Introduction: Build a Greenland Kayak Part 6
In part 5 of the Greenland kayak construction Instructable you installed the ribs. In this instructable you will lash the keelson and the hull stringers to the ribs and also add deck stringers and drill holes for the deck lines. The frame will be completed. And you will be making a coaming although you won't install it until after the skin is on the boat.
Step 1: Materials
2 hull stringers 3/4 x 1 inch in cross section, 16 foot long.
Deck stringers 3/8 x 1-1/2 inch in cross section, 8 foot total.
1/4 inch dowels
Lashing twine - nylon mason's line
Step 2: Tools
Drill and 3/16th inch drill bit for lashing holes
15/64 inch drill bit for drilling doweling holes
hammer for pounding dowels
Step 3: Drill Lashing Holes in the Keelson
Drill a 3/16 inch lashing hole in the keelson wherever the keelson intersects a rib.
Step 4: Center the Keelson
Measure the distance from the keelson to the gunwales in a few places to make sure that the keelson is centered. Then go to the end of the boat and sight down the keelson to make sure it is straight.
Step 5: Lash the Keelson to the Ribs
Lash the keelson to the ribs with the nylon mason twine. Cut a piece of twine the length of the boat.
Tie off the line at the bow and start lashing in the direction of the cockpit. You will get somewhere in the vicinity of the cockpit. Clamp off the loose end of lashing twine.
Cut another piece of lashing twine the length of the boat. This time start lashing at the stern. Lash in the direction of the cockpit. Tie the two loose ends of the lashing together where ever they meet.
Step 6: Cut the Hull Stringers
Hull stringers are 3/4 x 1 inch in cross section and 16 foot long.
16 feet is longer than you need, but you will be trimming them to the exact length that your boat requires.
Step 7: Position the Hull Stringers on the Ribs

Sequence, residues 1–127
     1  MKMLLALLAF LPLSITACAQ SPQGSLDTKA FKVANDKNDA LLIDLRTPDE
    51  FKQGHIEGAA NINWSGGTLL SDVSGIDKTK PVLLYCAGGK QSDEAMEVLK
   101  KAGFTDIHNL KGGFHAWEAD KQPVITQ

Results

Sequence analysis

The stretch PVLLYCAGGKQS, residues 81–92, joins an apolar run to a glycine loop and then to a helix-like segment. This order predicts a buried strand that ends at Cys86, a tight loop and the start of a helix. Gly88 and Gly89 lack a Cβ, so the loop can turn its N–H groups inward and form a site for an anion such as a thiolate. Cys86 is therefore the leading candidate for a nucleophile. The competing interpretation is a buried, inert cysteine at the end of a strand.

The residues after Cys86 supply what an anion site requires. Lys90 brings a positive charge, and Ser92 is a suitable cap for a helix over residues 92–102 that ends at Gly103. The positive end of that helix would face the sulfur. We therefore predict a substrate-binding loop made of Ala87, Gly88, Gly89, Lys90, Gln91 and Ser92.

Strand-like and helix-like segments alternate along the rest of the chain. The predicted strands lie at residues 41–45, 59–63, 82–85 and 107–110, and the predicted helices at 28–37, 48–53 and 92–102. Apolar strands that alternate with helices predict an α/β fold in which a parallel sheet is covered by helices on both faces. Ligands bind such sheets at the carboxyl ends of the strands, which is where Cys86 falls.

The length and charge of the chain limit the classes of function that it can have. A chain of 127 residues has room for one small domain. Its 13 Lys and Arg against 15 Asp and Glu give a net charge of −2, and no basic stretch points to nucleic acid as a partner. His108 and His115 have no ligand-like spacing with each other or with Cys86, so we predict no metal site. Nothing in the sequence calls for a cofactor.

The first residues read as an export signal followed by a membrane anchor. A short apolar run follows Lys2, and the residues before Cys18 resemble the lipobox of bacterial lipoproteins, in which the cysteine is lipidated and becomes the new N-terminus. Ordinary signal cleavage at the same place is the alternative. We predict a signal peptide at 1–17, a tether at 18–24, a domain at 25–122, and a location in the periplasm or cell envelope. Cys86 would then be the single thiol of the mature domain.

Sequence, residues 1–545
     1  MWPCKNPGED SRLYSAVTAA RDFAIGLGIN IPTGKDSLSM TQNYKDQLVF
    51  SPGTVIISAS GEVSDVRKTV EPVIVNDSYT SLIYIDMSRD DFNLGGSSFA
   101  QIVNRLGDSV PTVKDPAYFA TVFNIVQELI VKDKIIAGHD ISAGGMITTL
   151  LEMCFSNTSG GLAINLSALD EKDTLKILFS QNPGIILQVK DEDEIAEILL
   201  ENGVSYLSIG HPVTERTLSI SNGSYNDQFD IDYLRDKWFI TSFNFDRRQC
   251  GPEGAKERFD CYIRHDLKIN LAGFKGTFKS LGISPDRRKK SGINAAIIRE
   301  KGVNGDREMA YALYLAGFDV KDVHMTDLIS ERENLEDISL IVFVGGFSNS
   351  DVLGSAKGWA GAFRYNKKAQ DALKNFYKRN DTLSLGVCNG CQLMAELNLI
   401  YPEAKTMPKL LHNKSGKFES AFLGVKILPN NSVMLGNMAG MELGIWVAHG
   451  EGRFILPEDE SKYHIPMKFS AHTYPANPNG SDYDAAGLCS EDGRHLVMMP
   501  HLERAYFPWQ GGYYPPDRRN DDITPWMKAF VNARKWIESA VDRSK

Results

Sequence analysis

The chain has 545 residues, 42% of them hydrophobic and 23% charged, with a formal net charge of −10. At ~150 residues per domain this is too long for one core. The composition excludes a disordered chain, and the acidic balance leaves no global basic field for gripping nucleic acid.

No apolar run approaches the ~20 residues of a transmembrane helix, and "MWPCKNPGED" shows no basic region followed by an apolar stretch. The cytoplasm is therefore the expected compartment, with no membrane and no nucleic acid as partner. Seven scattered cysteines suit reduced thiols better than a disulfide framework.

The function of the hull stringers is to hold the skin away from the ribs at the sides. The keelson holds the skin off the ribs in the middle.
Hull stringers should run roughly parallel to the bottoms of the gunwales getting about an inch closer at the ends.
Step 8: Cut Hull Stringers to Length
Trim the hull stringers so they overlap the stem and stern boards by about two inches.
Step 9: Shape Ends of the Hull Stringers
As the stringers twist around the hull they end up at about a 45 degree angle with the vertical. Shape the inside edge of the stringers where they intersect the stem and stern boards so they will lie flat against them.
Step 10: Drill the Hull Stringers
Drill a 3/16 inch lashing hole in the stringer at every rib to stringer intersection.
Step 11: Lash the Hull Stringers to the Ribs
Lash the hull stringers to the ribs using the same lashing pattern you used for the keelson.
If you have any gaps between the stringers and the ribs that are greater than 1/4 inch, add a shim between the stringer and the rib.
When you're done, double check that the keelson is centered and that the hull stringers are equidistant from the keelson to either side. Although the keelson and stringers are lashed, you can move them around some if you are persistent.
Step 12: Lash the Hull Stringer Ends
Lash the hull stringer ends together so they are in contact with the stem and stern boards.
Step 13: Install the Rear Deck Stringers
Cut rear deck stringers to span from deck beam 7, the backbrace, to deck beam 8. Position the deck stringers so they are parallel to each other and about 8 inches apart. Dowel the deck stringers to the deck beams using 1/4 inch dowels.
Step 14: Install the Forward Deck Stringers
Cut the forward deck stringer to span from deck beam 6, the knee brace to deck beam 4. Position the deck stringers so they are about 4 to 6 inches in from the gunwales. Dowel them to the deck beams using 1/4 inch dowels